The other day, my local library was doing an event for young writers. I walked in, just to return some books, and was delighted to meet and interact with some of the young writers in my area. As I met them, I saw so much potential. These were the future writers of the next generation. The future JK Rowlings, Stephen Kings, and Meg Cabots. I want to dedicate today’s blog post to them and to other young writers around the world. I can’t wait to buy and read your future books.
So, let’s dive in to today’s blog post. A lot of writers actually start writing at a young age. I can remember scribbling stories back and forth with a friend in high school. Our “book” was a folder with prongs and looseleaf paper. Looking back, the story wasn’t that great and the plot was weak, but we use to entertain our friends for hours with our creations and we dreamed of sharing future novels with the entire world and seeing our books in bookstores across the country.
Sadly, I’m no longer in contact with that friend, but year after year, young writers continue to pop up and share with us their words and their experiences. Let’s face it. Writing is already hard, but to write while navigating school, puberty, and sports can be overwhelming! The good news is, its not impossible, and I have three pieces of advice that hopefully will make this stressful time a little easier.
-Be Patient and Prioritize: It is very rare and very hard to get famous overnight. Many authors put in years of hard work before they’re “discovered.” Be realistic and set realistic goals. If you plan to play sports or you want to join a busy club in school, give yourself a year or two to finish your book instead of three months. If you have a part-time job in addition to school, try to devote an hour at most to your novel a day, or plan to only work on it on your days off. Don’t burn yourself out, and put your education first. If you want to give something up for your dream, pay attention to how many hours you spend playing video games, watching YouTube, or hanging out with friends. Can you cut back on those things and replace that time with working on your novel?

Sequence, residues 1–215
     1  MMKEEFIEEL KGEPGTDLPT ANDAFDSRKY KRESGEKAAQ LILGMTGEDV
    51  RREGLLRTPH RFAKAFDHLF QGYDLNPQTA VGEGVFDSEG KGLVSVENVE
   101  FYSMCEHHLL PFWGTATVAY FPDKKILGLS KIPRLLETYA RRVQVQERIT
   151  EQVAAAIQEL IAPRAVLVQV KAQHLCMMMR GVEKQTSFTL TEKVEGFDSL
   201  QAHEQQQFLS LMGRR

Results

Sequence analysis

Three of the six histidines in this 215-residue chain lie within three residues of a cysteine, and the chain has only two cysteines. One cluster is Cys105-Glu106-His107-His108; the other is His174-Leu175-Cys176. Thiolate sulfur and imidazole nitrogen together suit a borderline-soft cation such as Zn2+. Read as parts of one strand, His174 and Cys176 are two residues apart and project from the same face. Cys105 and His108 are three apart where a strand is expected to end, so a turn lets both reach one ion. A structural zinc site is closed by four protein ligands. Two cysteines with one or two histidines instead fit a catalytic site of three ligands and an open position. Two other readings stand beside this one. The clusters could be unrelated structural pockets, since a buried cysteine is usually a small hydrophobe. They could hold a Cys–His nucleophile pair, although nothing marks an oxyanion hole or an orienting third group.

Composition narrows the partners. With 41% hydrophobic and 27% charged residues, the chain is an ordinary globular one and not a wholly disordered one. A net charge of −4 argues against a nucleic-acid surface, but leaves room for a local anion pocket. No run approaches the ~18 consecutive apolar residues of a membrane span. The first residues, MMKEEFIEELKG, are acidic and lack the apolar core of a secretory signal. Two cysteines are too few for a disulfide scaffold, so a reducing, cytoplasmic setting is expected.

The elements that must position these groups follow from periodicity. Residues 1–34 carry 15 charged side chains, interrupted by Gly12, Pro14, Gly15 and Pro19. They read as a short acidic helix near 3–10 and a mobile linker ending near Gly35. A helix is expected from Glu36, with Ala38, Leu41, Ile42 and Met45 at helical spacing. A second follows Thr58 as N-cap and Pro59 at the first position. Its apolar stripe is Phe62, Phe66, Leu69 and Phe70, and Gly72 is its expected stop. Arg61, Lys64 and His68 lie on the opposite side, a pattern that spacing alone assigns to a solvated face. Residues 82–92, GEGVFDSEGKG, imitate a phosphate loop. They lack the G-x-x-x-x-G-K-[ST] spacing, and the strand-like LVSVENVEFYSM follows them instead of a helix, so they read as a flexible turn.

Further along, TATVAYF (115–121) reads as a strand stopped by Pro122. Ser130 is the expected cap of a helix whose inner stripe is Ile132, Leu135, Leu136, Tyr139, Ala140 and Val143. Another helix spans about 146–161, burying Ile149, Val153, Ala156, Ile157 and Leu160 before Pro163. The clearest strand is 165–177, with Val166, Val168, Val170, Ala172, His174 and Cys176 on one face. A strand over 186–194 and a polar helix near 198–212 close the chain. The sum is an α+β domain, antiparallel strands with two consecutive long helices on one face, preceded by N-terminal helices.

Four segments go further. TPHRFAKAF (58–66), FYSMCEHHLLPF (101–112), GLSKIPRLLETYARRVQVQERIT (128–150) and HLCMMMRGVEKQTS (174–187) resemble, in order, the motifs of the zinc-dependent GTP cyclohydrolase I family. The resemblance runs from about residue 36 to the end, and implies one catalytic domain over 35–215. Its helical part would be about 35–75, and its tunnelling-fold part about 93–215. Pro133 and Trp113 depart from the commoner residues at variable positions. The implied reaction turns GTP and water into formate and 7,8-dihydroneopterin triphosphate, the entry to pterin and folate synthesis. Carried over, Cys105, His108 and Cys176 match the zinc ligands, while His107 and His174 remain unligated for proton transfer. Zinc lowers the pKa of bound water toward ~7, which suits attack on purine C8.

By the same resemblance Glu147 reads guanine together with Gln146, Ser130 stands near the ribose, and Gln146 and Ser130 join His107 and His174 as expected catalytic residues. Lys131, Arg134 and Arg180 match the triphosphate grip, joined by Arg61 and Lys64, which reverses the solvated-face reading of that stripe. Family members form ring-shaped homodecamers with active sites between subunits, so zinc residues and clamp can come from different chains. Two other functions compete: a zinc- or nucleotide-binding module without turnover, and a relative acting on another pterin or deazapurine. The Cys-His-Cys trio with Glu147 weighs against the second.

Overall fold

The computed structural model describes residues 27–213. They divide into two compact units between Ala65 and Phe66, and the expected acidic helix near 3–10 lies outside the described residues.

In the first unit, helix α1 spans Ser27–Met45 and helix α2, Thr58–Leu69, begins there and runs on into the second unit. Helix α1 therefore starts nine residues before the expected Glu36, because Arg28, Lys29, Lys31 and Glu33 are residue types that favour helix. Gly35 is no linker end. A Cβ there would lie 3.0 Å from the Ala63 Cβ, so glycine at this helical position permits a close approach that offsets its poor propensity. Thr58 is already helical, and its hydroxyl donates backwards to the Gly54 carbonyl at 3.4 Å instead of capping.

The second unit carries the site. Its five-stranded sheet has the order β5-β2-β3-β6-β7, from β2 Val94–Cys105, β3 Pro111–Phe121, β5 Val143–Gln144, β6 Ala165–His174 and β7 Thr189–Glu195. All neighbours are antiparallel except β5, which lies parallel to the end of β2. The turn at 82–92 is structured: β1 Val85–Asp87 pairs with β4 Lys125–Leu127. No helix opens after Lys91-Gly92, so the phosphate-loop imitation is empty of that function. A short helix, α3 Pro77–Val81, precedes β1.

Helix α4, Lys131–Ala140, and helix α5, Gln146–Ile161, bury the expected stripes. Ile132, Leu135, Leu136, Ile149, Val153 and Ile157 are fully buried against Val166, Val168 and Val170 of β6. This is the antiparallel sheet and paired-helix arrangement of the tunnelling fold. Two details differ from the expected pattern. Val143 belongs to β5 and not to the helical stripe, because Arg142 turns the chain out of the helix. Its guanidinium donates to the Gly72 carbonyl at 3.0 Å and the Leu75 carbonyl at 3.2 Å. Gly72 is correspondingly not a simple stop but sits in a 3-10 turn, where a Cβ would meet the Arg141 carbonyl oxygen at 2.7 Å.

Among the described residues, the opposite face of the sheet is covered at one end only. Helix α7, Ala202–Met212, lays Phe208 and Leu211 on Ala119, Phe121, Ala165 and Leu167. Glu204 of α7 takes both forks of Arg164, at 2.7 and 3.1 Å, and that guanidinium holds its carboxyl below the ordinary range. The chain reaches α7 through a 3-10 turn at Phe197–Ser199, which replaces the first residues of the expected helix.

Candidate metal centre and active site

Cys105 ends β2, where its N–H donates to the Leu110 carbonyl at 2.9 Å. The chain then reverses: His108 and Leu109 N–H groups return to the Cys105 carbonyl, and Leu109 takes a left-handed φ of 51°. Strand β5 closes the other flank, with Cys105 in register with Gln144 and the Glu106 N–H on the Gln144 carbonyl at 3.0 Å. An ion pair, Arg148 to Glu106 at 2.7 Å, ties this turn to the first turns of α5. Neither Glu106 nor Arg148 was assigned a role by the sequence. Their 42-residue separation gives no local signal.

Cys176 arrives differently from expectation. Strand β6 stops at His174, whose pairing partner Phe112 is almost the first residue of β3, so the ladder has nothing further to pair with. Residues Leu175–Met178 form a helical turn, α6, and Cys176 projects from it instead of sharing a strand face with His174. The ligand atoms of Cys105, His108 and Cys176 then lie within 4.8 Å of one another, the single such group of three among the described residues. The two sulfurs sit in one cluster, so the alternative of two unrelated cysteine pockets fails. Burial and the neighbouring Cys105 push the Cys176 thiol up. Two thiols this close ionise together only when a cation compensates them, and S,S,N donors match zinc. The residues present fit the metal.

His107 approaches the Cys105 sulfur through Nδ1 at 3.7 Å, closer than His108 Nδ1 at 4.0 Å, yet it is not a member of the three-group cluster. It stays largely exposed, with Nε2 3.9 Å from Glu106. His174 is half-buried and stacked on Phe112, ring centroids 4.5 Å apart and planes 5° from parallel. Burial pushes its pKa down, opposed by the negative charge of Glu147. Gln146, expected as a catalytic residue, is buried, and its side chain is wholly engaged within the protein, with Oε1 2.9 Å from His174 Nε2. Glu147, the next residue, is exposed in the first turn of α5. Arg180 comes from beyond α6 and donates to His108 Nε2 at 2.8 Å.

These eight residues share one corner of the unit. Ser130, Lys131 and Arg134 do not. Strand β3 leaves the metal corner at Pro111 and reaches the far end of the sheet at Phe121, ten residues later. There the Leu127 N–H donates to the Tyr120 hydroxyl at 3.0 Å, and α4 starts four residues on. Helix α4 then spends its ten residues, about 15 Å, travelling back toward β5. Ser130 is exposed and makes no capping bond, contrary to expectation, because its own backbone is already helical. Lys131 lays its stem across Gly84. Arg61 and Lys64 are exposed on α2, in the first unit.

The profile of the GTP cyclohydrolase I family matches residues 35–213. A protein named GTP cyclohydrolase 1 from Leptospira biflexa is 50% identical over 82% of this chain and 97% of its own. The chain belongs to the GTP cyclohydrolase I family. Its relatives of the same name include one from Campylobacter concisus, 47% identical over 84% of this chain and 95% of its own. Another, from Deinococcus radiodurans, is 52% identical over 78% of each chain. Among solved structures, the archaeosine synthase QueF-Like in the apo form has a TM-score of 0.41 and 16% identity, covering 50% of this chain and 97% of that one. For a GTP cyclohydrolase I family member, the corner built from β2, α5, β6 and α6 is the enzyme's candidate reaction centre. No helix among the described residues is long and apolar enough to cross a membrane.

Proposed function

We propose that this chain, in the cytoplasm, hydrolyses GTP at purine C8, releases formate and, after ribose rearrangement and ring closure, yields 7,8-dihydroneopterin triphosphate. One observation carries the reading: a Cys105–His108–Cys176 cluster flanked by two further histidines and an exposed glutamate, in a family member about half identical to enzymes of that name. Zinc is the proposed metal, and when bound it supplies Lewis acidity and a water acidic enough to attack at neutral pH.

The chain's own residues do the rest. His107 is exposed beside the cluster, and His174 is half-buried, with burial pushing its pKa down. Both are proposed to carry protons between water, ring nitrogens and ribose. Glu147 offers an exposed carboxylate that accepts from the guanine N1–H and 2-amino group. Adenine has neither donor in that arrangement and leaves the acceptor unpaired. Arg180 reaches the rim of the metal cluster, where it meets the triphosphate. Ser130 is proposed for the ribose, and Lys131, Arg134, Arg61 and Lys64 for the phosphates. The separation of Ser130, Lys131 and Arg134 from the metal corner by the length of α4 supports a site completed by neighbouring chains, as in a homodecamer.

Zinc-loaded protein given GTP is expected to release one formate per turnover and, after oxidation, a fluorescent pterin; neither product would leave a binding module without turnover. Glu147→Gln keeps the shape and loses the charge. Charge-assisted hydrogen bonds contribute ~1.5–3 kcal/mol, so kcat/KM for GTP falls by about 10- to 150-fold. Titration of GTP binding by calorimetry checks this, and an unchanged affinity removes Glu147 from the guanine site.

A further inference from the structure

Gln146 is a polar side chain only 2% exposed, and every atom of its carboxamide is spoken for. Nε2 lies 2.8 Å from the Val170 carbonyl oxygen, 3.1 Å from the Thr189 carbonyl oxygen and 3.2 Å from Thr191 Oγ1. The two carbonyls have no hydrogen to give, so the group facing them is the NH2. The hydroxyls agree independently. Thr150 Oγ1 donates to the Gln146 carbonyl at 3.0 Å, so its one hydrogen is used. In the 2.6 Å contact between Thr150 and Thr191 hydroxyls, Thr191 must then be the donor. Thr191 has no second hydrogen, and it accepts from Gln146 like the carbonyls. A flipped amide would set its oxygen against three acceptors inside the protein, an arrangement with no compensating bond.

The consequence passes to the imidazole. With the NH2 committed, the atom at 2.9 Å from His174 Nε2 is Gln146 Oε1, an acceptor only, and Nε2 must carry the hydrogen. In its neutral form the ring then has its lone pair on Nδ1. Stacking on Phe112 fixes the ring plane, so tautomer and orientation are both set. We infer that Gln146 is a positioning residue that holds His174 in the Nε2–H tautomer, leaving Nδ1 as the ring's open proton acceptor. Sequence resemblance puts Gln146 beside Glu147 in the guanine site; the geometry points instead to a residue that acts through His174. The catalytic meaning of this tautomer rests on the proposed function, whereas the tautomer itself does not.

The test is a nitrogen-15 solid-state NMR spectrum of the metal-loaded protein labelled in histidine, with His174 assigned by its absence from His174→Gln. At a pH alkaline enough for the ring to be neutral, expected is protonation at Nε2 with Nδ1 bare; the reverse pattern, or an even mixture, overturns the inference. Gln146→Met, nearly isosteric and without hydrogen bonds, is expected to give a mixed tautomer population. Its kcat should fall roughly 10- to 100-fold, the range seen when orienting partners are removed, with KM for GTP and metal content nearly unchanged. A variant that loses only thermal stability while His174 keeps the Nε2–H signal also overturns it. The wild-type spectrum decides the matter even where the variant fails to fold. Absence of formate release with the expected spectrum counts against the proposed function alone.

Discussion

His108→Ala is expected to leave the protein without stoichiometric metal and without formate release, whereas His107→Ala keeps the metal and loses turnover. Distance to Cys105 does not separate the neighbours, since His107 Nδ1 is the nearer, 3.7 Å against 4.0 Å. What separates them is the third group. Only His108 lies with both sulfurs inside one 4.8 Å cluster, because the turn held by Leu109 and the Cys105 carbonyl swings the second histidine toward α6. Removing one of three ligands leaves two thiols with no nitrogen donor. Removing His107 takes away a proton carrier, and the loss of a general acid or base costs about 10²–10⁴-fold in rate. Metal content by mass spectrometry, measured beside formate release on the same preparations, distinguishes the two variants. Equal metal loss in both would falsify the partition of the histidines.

-Read and Write More: If your dream is to make writing a full-time career one day, you’re probably already reading and writing. Do more and branch out. Make use of writing prompts and read different genres. Keep a “writing” journal and start brainstorming story ideas, characters, and worlds on the go. Educate yourself. Instead of only reading fiction books, check out some books on the craft of writing and try to apply what you learn to your own writing. Also, don’t forget the power of the Internet. Read blog articles for writing tips and inspiration, and if you have a parent or guardian’s permission, engage in writing chats and contests.
-Keep at it: There’s a quote that says what comes easy won’t last long and what lasts long won’t come easy. Use the time you have now to develop a writing habit and improve your writing skill. Practice always makes perfect. This doesn’t mean you need to write everyday, but write often and don’t give up if setbacks occur. Maybe, due to schoolwork or extracurricular activities, you can’t write for a semester. That’s okay. Use that time to read writing craft books, read writing advice blogs, or watch writing advice YouTube videos. Then, when you have more free time to write again, start writing.
I hope this blog post was helpful for any young writers that read my blog. If you have any other questions or additional tips, please leave them in the comments down below!